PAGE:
Lindt & Sprungli, the upmarket Swiss chocolate group, today (19 August) underlined why it is a business seen as one of the better performers in the sector.

The Lindor maker reported a jump in half-year profits despite pressure from raw material costs, as it gained market share.

Lindt had already filed its sales for the first half of the year but its earnings numbers and the maintenance of its guidance for 2014 was welcomed by analysts.

Speaking to analysts after the numbers were published, Lindt CFO Dr Dieter Weisskopf was quizzed about the company’s plans for its recent acquisition, the US confectioner Russell Stover Candies, and was asked about the pressure from raw material prices it – along with all confectioners – is facing.

Dr Weisskopf’s comments on Lindt’s plans for Russell Stover left analysts with some questions but, after only announcing the deal last month, it was perhaps understandable why he could not provide detailed answers on synergies.

Lindt’s style is to be cautious, even conservative. Given Lindt’s strong first-half sales, one analyst even asked why the company was simply sticking to its previous forecast for a 6-8% rise in organic sales. Dr Weisskopf quipped he was “not the most aggressive guy”.

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By GlobalData

However, in the main, analysts praised Lindt’s performance, with Bank Vontobel analyst Jean-Philippe Bertschy describing the results as “spotless”.

“Everything’s ticking right at Lindt, which further gained market share,” Bertschy wrote in a note to clients today. “The 9.2% organic growth in the first half of 2014 compares with 3.4% for Nestle’s confectionery division – [with 0.3% volume growth] – 1.4% at Mondelez International, and 4.2% at Hershey. [The] global chocolate market grew 4.3%. The operating costs are under control, in spite of increased marketing investments. The ramp-up of the capex is the logical consequence of strong volume growth and attractive prospects.”

Lindt’s 9.2% increase in organic sales was driven by a 8.5% rise in volumes, a notable performance. The company pointed to share gains in key European markets and said it was growing “considerably faster” than the overall market in North America. On the back of the growing volumes, Lindt has invested to expand production capacity at facilities in Switzerland, Germany, France and the US.

Questions on Russell Stover ranged from the US business’ margins, on to synergies and production changes.

Dr Weisskopf said Russell Stover’s operating margin was similar to Lindt, although he said he could not yet provide exact figures for any synergies it could make from the deal. In any case, he said synergies were not a key factor in Lindt’s move for Russell Stover. “We have not integrated any synergies in order to justify the purchase price [for Russell Stover],” he said. “It is an ongoing, good, nice business. Once we know how it is ticking over, we are looking at the possibility of what we can do. We have a conservative approach. It’s not that we buy the business and change it to run after synergies.”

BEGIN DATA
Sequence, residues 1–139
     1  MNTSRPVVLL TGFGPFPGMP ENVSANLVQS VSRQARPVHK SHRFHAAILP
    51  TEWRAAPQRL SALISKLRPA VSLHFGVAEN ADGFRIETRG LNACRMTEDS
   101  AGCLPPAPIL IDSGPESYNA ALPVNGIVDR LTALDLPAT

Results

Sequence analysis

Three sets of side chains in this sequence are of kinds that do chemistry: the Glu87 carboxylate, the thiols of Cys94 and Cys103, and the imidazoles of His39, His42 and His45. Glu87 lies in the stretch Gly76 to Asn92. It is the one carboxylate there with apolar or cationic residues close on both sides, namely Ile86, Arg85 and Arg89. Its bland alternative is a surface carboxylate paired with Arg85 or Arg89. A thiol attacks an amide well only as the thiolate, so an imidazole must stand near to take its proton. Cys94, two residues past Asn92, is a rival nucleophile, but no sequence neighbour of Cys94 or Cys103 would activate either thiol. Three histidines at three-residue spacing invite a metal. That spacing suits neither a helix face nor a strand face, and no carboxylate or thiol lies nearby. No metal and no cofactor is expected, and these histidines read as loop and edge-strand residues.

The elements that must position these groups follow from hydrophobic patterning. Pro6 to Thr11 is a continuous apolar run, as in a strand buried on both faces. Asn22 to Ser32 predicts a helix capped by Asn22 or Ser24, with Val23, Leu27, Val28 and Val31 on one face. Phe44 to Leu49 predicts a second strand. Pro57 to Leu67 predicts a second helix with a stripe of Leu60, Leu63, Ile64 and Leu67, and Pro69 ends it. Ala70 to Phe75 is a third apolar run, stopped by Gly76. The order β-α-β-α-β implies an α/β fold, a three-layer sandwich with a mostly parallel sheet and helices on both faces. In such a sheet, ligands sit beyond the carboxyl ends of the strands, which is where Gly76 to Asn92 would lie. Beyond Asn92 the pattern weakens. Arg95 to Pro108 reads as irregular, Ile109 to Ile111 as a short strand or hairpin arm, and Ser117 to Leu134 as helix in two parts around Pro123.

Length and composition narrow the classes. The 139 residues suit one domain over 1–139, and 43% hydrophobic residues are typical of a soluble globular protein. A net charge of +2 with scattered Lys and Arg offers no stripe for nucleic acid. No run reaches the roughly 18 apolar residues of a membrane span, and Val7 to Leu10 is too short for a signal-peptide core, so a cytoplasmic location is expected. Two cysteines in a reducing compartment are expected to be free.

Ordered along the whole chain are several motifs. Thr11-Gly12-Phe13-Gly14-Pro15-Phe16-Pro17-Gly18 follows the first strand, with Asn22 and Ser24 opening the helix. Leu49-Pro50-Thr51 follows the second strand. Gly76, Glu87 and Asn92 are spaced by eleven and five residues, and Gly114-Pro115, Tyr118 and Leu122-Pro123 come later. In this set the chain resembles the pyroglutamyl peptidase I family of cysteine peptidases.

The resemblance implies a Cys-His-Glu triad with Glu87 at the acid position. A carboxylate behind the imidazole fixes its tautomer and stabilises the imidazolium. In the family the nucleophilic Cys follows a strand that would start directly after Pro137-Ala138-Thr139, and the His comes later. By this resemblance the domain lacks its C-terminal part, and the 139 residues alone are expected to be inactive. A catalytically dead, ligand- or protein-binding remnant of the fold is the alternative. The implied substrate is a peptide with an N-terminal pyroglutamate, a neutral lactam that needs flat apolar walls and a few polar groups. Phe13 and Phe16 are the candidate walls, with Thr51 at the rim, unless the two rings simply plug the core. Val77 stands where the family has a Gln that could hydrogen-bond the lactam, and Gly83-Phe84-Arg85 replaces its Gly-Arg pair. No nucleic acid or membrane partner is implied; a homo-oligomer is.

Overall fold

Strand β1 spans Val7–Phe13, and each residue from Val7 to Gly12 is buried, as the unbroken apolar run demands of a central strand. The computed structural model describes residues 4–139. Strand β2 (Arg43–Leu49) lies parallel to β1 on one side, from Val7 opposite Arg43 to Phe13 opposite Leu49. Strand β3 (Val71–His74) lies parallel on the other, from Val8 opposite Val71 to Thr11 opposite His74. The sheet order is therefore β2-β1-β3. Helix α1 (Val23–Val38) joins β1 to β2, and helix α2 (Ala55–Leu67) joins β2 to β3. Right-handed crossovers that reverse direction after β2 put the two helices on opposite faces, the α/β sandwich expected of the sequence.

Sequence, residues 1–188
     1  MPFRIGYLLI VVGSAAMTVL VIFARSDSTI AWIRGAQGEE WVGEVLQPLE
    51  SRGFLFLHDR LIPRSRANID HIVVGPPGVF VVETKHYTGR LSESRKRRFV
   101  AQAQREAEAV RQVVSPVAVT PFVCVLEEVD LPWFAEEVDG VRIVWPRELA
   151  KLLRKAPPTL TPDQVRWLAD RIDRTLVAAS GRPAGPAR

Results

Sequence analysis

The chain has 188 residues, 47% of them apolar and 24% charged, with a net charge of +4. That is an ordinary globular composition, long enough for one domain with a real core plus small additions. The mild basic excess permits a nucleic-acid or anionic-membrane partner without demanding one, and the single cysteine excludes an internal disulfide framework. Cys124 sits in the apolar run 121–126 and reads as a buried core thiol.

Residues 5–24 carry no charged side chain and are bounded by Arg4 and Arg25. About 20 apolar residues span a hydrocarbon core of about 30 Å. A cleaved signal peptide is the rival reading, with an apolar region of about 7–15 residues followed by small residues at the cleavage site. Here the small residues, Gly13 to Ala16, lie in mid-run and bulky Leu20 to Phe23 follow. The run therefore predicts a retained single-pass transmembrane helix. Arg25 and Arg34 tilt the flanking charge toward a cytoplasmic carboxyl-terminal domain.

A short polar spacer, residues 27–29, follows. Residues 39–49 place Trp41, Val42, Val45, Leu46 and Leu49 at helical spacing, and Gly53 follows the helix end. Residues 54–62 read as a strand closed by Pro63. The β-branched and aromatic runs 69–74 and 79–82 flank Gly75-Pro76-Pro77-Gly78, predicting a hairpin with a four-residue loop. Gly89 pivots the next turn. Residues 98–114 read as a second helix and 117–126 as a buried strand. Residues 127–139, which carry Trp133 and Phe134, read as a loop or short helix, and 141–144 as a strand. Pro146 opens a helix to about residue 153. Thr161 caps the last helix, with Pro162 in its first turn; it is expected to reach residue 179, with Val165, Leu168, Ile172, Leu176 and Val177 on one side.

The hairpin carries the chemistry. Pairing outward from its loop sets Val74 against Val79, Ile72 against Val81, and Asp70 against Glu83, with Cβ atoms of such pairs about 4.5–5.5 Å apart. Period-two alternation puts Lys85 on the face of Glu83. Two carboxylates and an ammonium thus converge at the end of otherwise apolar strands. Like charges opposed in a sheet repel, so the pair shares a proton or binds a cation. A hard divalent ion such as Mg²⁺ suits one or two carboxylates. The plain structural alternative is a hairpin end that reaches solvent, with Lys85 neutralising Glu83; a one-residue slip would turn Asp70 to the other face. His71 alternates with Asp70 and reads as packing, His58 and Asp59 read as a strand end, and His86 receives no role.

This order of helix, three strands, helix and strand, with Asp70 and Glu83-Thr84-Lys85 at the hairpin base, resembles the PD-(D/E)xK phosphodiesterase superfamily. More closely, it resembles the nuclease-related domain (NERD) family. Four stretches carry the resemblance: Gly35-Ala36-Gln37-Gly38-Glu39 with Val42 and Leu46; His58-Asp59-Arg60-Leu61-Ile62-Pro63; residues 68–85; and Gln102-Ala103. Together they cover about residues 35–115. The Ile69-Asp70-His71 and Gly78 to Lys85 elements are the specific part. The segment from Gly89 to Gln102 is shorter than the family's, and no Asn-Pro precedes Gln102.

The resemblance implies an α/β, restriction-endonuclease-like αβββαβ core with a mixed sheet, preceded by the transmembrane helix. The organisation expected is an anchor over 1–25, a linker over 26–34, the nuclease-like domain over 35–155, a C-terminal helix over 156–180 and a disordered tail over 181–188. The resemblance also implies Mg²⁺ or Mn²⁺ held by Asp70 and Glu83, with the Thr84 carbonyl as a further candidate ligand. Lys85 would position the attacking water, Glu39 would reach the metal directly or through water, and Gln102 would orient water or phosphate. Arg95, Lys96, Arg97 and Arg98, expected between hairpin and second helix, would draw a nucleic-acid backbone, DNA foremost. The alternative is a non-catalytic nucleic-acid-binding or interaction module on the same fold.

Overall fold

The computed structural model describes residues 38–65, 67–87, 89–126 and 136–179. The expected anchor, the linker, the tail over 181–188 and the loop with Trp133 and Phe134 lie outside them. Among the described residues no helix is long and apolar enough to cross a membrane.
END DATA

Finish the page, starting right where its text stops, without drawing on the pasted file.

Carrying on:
However, the Lindt finance chief did indicate the company could look at relocating some of its current production in the US to Russell Stover sites. “This is an open question. We have seen all the factories. We are not yet there that we can give you a clear answer. It’s definitely an opportunity. We are looking at seasonal production. What, how much and when is still an open question,” he said.

Strategically, Dr Weisskopf insisted the acquisition was good for Lindt. “Russell Stover is perfectly complementary to the Lindt US and Ghirardelli portfolio. We will be positioned as a clear number three in the single biggest chocolate market with a market share of a little bit over 10%.”

Not all analysts are entirely convinced. Kepler Cheuvreux analyst Jon Cox, who labelled Lindt “a class act” after the first-half results were published today, nonetheless questioned the deal. “We have some misgivings about its recent acquisition in the US, where details remain sketchy at best and there are questions about the Russell Stover (more mainstream and therefore slower growing) brand compared to Lindt’s premium offering,” Cox wrote in a note to clients today.

Elsewhere, Lindt’s premium positioning worldwide could help shelter its business more effectively against pressure from raw material costs than some of its competitors.

Dr Weisskopf spoke at length about the higher cocoa and nut costs Lindt was seeing. Increasing demand, climate and, the Lindt executive noted, speculation had pushed up cocoa prices, while frost in Turkey and drought in California had had an impact on hazelnut and almond prices.

Price and mix was only a small factor in Lindt’s sales increases in the first half of the year, contributing just 0.7 percentage points to the 9.2% rise in organic sales. Dr Weisskopf said there had been resistance among some customers, notably in Europe, against passing on costs.

However, Lindt maintained its forecast for margins, which it said would be up 20-40 basis points, “well within” its medium- to long-term target range.

Nevertheless, Dr Weisskopf indicated Lindt would look to push up prices in 2015 in the face of what the company sees as continued pressure from raw material prices.

That said, at present, Lindt is a business growing ahead of the market and its performance is being well-received by analysts.